by AL MILGROM
On Oct. 19, 2007, Dick Cheney becomes the 44th President of the United States when George W. Bush, after addressing the Economic Club of Chicago, is assassinated outside a Chicago hotel, and his inauguration is marked by l0,000 demonstrators violently protesting nuclear brinksmanship policies in Iraq, North Korea and Iran. This is the setting for the fictionalized, controversial feature “Death of a President,” which won the prestigious Critics’ Prize (given by the International Federation of Film Critics) at the just-ended 31st Toronto International Film Festival. The festival’s 10-day run ended Saturday with news that the film, by 32-year-old British documentarian Gabriel Range, is due for a U.S. release around November (just in time for elections), which could make it the Michael Moore political film of this season. The ultra-realistic and audacious film, built around a terrifying idea, is done as a speculative documentary using all the tricks of digital editing to seamlessly tell the story, including Mr.Cheney’s perfectly synched eulogy, along with his intentions to subvert terrorism with a new Patriot Act that basically does away with personal liberties.
to festival-goers by the acronym “D.O.A.P.,” its world premiere
generated some of the biggest buzz of the festival, where anti-Bush themes prevailed
in other big films due for U.S. release around election time, including Barbara
Chicks: Shut Up and Sing.” Also screened was Emilio Estevez’s
a re-imagining of the tragic Robert Kennedy assassination in l968 that combines
behind-the-scenes fact and fiction. Led by a star-studded cast, the movie unfolds
at the Los Angeles Ambassador Hotel on that fateful day, culminating in Kennedy’s
final, stirring message of hope for America’s future just before the fatal
bullets. Both the Bush and Kennedy films combine archival footage in ways that
challenge conventional documentary authenticity and ways of seeing films.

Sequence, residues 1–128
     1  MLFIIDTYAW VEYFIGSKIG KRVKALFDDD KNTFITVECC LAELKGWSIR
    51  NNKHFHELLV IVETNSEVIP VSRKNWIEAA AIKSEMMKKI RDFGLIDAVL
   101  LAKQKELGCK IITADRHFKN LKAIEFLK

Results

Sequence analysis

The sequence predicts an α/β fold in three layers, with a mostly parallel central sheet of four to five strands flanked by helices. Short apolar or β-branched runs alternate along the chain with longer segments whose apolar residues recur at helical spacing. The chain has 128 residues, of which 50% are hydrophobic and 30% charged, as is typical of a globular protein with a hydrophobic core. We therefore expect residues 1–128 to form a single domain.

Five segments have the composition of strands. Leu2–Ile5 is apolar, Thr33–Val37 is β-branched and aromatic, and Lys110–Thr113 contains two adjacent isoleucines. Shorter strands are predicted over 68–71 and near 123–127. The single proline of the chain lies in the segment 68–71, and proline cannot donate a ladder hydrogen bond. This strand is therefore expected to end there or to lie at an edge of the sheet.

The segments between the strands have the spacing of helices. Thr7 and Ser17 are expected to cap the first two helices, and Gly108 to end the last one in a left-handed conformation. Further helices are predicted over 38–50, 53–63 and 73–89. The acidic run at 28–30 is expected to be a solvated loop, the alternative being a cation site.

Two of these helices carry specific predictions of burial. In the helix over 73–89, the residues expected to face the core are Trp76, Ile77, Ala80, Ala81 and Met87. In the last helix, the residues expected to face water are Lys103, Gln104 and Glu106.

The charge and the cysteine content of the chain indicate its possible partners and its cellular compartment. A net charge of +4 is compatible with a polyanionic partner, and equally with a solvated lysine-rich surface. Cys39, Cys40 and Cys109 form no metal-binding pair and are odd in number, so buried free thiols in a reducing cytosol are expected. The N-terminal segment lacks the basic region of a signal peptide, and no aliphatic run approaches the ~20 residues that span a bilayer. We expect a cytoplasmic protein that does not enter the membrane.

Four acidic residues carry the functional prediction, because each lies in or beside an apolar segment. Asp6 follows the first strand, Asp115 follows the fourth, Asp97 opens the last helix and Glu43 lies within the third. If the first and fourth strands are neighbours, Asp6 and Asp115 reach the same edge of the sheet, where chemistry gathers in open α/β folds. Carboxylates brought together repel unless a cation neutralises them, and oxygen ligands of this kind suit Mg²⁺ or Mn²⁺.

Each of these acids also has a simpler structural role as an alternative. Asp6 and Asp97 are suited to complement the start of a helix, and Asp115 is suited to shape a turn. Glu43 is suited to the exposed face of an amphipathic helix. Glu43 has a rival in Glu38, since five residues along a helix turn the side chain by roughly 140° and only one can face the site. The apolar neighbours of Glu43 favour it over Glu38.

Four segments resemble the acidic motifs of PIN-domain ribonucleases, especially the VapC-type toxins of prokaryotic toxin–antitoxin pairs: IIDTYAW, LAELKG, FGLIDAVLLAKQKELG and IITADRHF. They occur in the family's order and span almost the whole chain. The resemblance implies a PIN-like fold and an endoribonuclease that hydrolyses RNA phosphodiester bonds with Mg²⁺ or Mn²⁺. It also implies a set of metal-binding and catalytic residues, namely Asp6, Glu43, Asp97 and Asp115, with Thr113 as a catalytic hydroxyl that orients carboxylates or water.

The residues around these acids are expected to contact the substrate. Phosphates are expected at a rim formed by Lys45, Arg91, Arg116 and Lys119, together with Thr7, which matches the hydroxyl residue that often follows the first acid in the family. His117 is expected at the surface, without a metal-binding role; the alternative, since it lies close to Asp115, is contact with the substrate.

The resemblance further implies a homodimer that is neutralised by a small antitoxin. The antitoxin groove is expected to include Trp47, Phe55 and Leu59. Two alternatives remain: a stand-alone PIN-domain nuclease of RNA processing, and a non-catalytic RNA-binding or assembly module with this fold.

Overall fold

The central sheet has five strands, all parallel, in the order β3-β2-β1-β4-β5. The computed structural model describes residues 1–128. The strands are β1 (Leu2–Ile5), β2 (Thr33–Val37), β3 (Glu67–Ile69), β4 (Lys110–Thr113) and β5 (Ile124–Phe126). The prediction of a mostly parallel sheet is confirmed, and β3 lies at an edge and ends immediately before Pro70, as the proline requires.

Prisoner or How I Planned to Kill Tony Blair” is a documentary providing
an indirect look at post-9/11 America, in which an Iraqi journalist is imprisoned
for nine months in Abu Ghraib prison when he is falsely suspected by U.S. intelligence
of attempting to assassinate British Prime Minister Tony Blair during an Iraqi
an interview with the Toronto Star, writer/director and sometime U.S. resident
Range insisted that his “‘Death of a President’ isn’t
about the assassination of Bush, really. It’s about using the dramatic
device of the assassination as a means of looking at America. It’s an
imagined future to reflect America today.”
Claiming to avoid sensationalism, Newmarket Films co-founder Chris Bell (the
same firm that distributed Mel Gibson’s “Passion of Christ”)
said when announcing a reported $3 million deal for U.S. distribution of D.O.A.P.
that he found the film to be “first and foremost a riveting and commercial
political thriller.” A White House spokesperson, on the other hand, reportedly
told a Canadian broadcaster last week that he wouldn’t “dignify
the film with a response.” Freedom of speech and opposition to the war
in Iraq also drew distinguished documentarian Kopple and her co-producer, co-director
Cecilia Peck (daughter of Gregory) to the portrait of the troubled Dixie Chicks
and how the ups and downs in their professional and personal lives reflects
“the political life we have in the United States right now,” said
Kopple. As the trio plots its comeback on the charts, the three take to the
road again, unrepentant, and transcending their country western origins with
some fine rock.
Toronto has become the glossiest, most celebrity-conscious and largest film
festival in North America, with 352 features this year, and while it will claim
numerous Oscar-nominees from its gala of premieres, low-budget small features
still had a chance to capture audience attention. A charming first feature,
about two brothers and a frazzled young waitress in a New York Mexican restaurant,
captured a prominent People’s Choice award, winning out over Kopple’s
“Dixie Chicks,” while best Canadian feature (and a $30,000 prize)
went to Toronto-based Jennifer Baichwal for “Manufactured
Landscapes,” her documentary on Canadian photographer Edward Burtynsky’s
work on ecological peril in China and the world at large.
Expect these and other indie films from the Toronto Film Festival to make their
way to the Twin Cities in the near future. ||
Milgrom is the founder of the legendary U
Film Society, and has spent the better part of five decades bringing cutting
edge national and international cinema to the Twin Cities. He has been the Minneapolis-St.
Paul International Film Festival's stalwart program director for all of
it’s 24 years, remains an active and impassioned advocate of International cinema and is a frequent arts contributor to Pulse.